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Published Date: 12 April 2020
With risk appetite recovering last week currencies rose at the USD’s expense, led by the AUD (+5.3%) which is highly correlated to the global growth cycle, and by the NOK (+4%) which benefited from optimism that OPEC+ would agree to cut oil production. Other commodity currencies like the NZD and the CAD were also among the strongest. The Fed’s injection of another USD2.3 trillion into the US economy, along with an assortment of other packages from around the world helped assuage fears about the knock-on effects from the shutdowns. More evidence that rises in coronavirus cases are beginning to slow also offered support to asset markets, although the US has now become the epicenter of the global pandemic, with over 20,000 deaths, and the news over the weekend showed that death rates elsewhere remain elevated and improvements patchy.
With lockdowns appearing likely to be extended into May, there may now be a limit to how much more markets can benefit from the announcement of stimulus measures alone, although policymakers continue to pledge that they still have more in their tool kits. With interest turning to the ability of economies to rebound after lockdowns come to an end, debates about exit strategies are increasing which means that upcoming economic data may become more relevant to see what is actually at stake. UK GDP data last week showed the UK economy already contracting 0.1% m/m in February before the crisis struck, which augurs badly for Q1 data as a whole once the March data is added, to say nothing of Q2. The decline in US activity shows no signs of abating either, with weekly initial jobless claims surging by another 6.6 million and the University of Michigan measure of consumer confidence falling by 18.1 in April. March industrial production and retail sales data in the coming week will provide harder evidence of the extent to which activity has been affected. The start of the corporate earnings season may also provide a reality check on improving sentiment, although the week will begin slowly with many markets remaining on holiday on Monday including the UK and the Eurozone.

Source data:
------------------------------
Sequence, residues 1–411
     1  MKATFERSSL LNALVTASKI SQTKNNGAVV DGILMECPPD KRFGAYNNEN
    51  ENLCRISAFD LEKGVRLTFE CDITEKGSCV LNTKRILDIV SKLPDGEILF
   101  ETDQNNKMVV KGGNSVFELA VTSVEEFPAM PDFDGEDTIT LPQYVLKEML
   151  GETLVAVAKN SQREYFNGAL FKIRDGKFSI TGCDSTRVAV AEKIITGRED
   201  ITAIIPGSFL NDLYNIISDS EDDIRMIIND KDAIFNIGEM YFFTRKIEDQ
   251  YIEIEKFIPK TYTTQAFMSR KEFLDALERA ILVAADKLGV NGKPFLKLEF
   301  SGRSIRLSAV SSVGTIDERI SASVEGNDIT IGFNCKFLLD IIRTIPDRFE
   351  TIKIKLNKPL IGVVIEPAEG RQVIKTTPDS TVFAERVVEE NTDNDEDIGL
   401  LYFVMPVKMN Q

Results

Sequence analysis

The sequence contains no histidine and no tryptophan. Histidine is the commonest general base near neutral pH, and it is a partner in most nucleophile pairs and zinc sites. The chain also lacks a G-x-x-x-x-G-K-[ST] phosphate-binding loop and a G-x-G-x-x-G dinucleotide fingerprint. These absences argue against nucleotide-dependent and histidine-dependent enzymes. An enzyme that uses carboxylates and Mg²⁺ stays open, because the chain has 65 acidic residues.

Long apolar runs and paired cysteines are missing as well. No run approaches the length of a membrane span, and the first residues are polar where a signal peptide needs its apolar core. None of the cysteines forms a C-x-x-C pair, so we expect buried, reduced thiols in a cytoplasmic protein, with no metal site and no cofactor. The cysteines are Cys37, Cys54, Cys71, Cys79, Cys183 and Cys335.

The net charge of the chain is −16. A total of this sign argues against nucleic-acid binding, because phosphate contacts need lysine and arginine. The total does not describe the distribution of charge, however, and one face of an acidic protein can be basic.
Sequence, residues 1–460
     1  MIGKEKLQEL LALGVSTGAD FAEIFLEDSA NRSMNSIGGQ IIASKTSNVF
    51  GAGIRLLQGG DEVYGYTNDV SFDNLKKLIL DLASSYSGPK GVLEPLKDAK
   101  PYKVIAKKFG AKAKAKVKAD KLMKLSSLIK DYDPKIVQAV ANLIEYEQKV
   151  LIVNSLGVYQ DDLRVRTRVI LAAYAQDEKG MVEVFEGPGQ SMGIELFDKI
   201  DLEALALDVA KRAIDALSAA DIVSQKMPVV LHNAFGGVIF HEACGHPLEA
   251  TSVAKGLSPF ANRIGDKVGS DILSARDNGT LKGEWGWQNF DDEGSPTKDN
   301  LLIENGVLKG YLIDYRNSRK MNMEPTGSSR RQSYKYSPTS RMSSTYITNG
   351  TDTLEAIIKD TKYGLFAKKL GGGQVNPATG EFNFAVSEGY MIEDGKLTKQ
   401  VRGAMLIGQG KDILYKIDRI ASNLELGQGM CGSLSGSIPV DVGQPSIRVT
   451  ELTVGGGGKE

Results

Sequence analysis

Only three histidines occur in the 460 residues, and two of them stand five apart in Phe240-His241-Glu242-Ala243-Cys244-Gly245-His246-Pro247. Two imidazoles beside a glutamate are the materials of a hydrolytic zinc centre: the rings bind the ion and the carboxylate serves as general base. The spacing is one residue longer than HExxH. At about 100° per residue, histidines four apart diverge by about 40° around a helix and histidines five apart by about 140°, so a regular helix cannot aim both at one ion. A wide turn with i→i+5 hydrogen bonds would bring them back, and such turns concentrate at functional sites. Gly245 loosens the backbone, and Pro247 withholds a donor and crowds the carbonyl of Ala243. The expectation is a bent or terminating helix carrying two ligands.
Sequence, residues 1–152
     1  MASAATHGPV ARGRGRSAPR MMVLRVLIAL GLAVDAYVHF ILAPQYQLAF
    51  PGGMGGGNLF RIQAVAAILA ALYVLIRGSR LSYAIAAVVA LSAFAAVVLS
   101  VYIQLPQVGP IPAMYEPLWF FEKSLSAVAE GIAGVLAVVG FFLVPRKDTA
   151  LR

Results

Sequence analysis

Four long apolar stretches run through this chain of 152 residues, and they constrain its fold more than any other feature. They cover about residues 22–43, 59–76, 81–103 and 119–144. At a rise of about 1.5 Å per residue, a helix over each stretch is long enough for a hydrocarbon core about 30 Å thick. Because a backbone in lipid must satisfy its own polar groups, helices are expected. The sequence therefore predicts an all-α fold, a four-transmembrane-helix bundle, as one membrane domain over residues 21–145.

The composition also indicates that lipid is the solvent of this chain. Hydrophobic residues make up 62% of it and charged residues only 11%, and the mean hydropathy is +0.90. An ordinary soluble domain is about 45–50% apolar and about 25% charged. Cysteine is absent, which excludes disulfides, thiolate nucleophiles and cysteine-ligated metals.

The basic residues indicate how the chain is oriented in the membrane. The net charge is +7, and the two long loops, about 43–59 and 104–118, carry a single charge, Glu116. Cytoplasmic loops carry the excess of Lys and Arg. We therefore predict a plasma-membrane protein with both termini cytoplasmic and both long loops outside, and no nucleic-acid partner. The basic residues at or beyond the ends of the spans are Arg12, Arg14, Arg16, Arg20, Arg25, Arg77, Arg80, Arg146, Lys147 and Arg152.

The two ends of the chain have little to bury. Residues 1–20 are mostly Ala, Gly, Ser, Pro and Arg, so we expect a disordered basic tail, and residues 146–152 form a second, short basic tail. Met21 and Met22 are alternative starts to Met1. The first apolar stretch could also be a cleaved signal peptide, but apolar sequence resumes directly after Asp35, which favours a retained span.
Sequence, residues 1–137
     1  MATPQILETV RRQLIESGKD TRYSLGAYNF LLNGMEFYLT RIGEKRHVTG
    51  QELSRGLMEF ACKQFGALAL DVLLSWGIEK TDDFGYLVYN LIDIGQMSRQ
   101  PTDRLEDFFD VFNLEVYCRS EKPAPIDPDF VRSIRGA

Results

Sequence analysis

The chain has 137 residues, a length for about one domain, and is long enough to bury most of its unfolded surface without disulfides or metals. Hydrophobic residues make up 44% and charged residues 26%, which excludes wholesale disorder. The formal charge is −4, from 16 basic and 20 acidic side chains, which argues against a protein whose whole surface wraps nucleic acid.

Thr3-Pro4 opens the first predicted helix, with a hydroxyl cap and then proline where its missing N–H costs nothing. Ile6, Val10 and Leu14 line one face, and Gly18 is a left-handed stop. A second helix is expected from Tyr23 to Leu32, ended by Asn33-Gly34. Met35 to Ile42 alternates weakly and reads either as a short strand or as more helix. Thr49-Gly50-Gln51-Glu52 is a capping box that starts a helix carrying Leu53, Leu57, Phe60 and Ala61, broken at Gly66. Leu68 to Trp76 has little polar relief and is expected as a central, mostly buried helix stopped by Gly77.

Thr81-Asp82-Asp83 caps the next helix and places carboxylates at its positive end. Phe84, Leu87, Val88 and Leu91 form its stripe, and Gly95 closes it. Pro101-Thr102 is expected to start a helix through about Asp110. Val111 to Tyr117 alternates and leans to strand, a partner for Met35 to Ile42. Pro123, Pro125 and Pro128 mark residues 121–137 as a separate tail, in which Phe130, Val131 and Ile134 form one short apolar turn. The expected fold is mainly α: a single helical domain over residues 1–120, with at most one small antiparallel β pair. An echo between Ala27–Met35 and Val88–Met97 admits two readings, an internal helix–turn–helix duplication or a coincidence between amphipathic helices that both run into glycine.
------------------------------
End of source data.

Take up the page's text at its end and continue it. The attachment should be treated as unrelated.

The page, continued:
The EUR rose by 1.26% against the USD, helped in part by EU finance ministers finally agreeing a EUR500mn support package for EU economies. There will be a new unemployment re-insurance scheme, liquidity support from the EIB (European Investment Bank) for small and medium sized companies, and access to EUR240bn of credit lines to sovereigns provided by the European Stability Mechanism (ESM). Unlike the original bailout funds, for which the ESM was set up, these will come with very few conditions attached. Although the collective amount was substantial, the reliance on the ESM and the failure to agree to jointly issue debt (or so called ‘Coronabonds’) was controversial and may result in political tensions rising between Italy and the Eurozone in coming months. UK markets will no doubt be relieved by the improving health of UK Prime Minister Johnston which could lend some support to GBP, but like elsewhere attention will remain focused on the length of the UK’s lockdown and how and when an exit strategy is introduced.
Source: Bloomberg, Emirates NBD Research
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